Letter from Edinburgh: Schmidt looking for clarity in Murrayfield

Murray Kinsella reports from Edinburgh

THE SUN WAS out yesterday at Carton House and Joe Schmidt was in no humour to have the light mood broken.

Why has Simon Zebo been left out? No, no, it’s just the wear and tear of Test rugby.

Will Schmidt’s intimate knowledge of Vern Cotter colour this clash with Scotland? No, no way, I owe VC a fair bit.

Schmidt was in positive form at Carton House yesterday. Source: Morgan Treacy/INPHO

All positive, all looking forward, all building towards as clinical a performance as possible on Saturday afternoon.

One gets the sense that Schmidt looks forward to the conclusion of the Six Nations not only because it might mean a second title in two attempts, but also because his media duties will almost totally disappear for a few months.

Ready yourself for the World Cup onslaught, Joe.

After their own media obligations, Ireland’s players prepared themselves for the trip to Edinburgh out in the lobby, where little Luca Sexton was the star of the show. Schmidt will be hoping that Sexton senior is similarly warmly received after a standout performance in Murrayfield tomorrow.

Onwards to Scotland they and we went, though it seems the bulk of the travelling Irish take to the skies today.

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All was calm around the Grassmarket yesterday evening, while Finnegan’s Wake up on Victoria Street lived up to its name for once, although these things are relative. That serenity certainly won’t be the case later this evening and into the wee hours of Saturday.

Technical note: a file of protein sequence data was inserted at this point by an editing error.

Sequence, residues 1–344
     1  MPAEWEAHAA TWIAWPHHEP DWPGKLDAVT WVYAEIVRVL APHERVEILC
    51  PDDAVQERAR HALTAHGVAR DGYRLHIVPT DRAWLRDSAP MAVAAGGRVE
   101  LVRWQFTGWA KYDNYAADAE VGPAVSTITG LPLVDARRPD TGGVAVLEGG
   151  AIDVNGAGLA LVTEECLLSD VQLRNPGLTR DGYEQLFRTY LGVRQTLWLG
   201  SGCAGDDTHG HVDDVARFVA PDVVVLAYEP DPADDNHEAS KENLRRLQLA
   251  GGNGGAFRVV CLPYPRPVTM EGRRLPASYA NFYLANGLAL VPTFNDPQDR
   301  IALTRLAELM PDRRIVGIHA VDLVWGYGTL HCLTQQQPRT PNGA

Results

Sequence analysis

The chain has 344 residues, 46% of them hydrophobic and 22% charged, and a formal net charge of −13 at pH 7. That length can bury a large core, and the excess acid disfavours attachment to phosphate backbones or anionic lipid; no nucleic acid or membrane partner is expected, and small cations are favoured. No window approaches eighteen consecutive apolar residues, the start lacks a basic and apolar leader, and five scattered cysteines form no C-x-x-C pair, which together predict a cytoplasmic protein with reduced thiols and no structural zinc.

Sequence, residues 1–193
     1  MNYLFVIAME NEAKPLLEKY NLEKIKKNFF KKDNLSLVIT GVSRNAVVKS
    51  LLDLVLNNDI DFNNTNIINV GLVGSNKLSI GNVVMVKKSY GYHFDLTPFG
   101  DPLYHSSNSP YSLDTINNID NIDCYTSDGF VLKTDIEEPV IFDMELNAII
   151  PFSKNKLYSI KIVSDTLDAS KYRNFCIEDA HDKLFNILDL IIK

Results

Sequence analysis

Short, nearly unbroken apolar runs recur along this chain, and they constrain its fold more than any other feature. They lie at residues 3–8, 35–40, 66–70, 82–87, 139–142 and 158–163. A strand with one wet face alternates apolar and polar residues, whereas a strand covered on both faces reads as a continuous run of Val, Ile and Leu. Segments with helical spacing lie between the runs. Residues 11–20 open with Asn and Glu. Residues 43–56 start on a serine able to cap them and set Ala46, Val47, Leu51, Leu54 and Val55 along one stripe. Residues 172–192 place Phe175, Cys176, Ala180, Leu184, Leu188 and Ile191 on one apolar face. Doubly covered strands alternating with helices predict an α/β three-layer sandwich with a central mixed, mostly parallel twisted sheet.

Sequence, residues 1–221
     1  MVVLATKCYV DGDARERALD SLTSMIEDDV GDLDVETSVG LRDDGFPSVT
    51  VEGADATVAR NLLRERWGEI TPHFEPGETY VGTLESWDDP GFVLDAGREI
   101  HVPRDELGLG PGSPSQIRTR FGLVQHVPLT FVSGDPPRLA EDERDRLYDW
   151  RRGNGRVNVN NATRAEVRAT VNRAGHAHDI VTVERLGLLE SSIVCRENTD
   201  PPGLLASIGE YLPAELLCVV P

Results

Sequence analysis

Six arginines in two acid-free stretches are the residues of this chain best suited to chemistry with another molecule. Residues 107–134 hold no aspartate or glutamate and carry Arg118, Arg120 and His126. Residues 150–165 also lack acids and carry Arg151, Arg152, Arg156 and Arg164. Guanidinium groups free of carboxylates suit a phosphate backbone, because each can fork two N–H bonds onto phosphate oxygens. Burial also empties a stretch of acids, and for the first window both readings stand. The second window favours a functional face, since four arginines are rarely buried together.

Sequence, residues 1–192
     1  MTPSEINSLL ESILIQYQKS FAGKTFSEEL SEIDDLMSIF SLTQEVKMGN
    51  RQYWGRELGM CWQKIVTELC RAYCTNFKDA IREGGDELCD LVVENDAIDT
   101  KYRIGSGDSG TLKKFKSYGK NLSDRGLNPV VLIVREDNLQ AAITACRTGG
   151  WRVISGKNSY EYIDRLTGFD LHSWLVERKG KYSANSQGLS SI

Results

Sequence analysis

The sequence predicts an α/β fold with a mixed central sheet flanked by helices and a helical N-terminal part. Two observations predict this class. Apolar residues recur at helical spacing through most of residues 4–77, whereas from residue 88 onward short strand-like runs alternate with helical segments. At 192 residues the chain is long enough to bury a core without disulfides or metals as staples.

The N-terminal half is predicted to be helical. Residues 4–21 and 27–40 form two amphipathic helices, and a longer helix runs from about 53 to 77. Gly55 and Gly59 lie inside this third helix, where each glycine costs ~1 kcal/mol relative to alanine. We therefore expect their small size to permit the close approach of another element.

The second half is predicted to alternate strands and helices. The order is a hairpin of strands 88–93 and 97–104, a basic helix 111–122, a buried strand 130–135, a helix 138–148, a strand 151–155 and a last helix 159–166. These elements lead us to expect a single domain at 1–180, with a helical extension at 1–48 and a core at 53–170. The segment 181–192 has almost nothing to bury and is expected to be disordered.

We dropped into a randomly-selected spot for sustenance and of course the waitress was a native of Kilkenny. A band of her fellow Cats are part of the wagon destined for ‘Auld Reekie’ tomorrow.

We’re told that strange nickname comes from Edinburgh’s smoky industrial history and the number of chimneys in the city, but Schmidt will be intent on ensuring his key men have utterly clear vision in their approach this weekend.

A sold-out Murrayfield awaits Ireland this weekend. Source: Morgan Treacy/INPHO

A repeat of the moribund opening 14 minutes in Cardiff simply cannot be afforded this time around, but if Ireland do start well they can do the business.

One has to think England are in the favourable position, given that they will know precisely what they need to do to claim their first title since 2011 later tomorrow, although does a degree of pressure come with that position too?

Ireland’s clarity must arrive in the form of accurate passing and catching skills, nailed lineout throws, intelligent calling at the set-piece, balanced drives at scrum time, perfectly-executed power plays, creative sparks in phase play and concise communication.

Not too much too ask; Schmidt’s demands are notorious.

There is something of a reduced feeling about the weekend, given that the Grand Slam dream slipped away in Cardiff, though anyone who was in Paris last year will tell you that a championship success is still sweet to witness and toast.

The oddness of a trophy presentation in the deserted cavern of Murrayfield tomorrow evening may await, even if such thoughts are dangerously getting ahead of the facts. Wales, Italy, France, Scotland and England all have starring roles to play in a day that’s not just about Ireland.

Schmidt’s men, as ever, will be concentrating on the things they can directly affect themselves.

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